• Don’t apologize, throw your colleagues under the bus, or sulk. Act like this is exactly the version you’d always planned to present all along. If you do, it’s highly likely that your audience won’t be able to tell the difference.

Performing Under Pressure

No one is immune from freezing during high-pressure moments at work. Maybe you lose your voice or your ability to think straight when speaking with an important client, manager, or audience. That’s normal, but also preventable. To set yourself up for success in your next big moment at work, use visualization. Bring to mind your previous successes to remind yourself that you have what it takes. This will reduce your anxiety and boost your comfort level.

Next, visualize the upcoming moment in as much detail as you can. What will it look and feel like to walk into your manager’s office and ask for that raise? How do the lights feel as you walk out in front of the audience, into the boardroom, onto the stage, or even sign on to Zoom? What will be the first words you say? You might develop a short ritual — such as a breathing exercise, repeating a phrase or mantra, listening to a particular song, or sipping a favorite tea — that can get you in the right mindset to get through those first nerve-wracking moments before autopilot kicks in. Once you’ve got a routine you’re comfortable with, you can use it whenever you need to.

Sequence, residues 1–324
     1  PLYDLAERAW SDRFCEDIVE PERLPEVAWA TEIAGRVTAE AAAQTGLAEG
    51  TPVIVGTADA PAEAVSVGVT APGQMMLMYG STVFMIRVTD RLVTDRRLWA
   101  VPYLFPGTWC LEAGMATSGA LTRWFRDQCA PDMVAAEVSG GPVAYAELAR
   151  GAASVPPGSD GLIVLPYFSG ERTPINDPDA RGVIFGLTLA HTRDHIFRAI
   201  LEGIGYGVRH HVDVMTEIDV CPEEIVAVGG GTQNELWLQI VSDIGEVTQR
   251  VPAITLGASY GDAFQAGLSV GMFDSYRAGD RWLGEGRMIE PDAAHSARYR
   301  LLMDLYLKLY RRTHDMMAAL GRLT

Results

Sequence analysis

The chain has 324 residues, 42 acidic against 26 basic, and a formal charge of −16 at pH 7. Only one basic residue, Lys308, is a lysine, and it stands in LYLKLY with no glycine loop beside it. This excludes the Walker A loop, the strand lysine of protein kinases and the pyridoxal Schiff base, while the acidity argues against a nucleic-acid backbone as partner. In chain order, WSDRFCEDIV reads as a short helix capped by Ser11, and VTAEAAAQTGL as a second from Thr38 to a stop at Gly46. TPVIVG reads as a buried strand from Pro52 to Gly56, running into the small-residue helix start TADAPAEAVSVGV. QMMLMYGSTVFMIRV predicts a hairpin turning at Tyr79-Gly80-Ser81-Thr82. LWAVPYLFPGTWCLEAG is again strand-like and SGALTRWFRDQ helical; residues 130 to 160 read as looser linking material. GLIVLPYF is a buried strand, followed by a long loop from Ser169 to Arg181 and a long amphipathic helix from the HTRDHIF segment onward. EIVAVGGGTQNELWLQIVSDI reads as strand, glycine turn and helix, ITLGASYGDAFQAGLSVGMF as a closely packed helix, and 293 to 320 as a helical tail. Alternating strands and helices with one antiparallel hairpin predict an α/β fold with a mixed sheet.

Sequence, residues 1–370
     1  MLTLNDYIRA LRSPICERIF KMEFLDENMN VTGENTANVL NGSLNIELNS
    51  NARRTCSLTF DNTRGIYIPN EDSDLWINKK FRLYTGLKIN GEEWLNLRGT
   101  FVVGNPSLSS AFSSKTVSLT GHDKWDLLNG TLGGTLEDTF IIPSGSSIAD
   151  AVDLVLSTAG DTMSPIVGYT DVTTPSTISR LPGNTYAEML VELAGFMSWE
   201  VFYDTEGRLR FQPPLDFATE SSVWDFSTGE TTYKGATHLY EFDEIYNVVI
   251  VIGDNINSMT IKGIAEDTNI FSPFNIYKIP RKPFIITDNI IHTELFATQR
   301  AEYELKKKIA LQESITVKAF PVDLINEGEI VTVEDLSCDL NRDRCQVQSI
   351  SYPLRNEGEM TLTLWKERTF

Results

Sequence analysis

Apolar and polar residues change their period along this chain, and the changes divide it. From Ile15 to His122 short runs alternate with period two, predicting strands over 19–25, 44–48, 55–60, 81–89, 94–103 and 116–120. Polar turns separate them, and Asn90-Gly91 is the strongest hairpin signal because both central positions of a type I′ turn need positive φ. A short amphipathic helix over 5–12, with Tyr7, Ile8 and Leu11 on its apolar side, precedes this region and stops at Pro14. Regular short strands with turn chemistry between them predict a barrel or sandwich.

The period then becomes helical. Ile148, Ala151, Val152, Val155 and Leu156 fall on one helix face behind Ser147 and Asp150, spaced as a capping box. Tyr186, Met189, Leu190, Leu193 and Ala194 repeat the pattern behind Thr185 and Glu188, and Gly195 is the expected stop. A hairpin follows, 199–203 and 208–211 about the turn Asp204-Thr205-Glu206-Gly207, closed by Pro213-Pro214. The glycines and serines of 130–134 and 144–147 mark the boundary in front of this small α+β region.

Finally, consider simply writing down your fears ahead of time. Doing so can help to both normalize them and make them seem not so daunting after all.

Integrate Learning and Development into Your Employees’ Workflow

As a manager, one of your biggest responsibilities is to foster your employees’ learning and development. 

The best way to do that? Make growth an integrated part of their work lives. Try organizing regular “learning meetings” — simply setting aside a small amount of time for your team to learn and discuss a new concept, framework, or skill. A collective, conversational approach to learning is more likely to help your employees retain and apply new information.

Next, use little nudges, such as short emails or daily Slack reminders, to reinforce the content of your learning meetings. These messages can encourage your people to use what they’ve learned in real-world situations.

Finally, measure progress. This means conducting assessments to understand your employees’ learning experiences, as well as tracking real-time changes in their habits, behaviors, and outputs.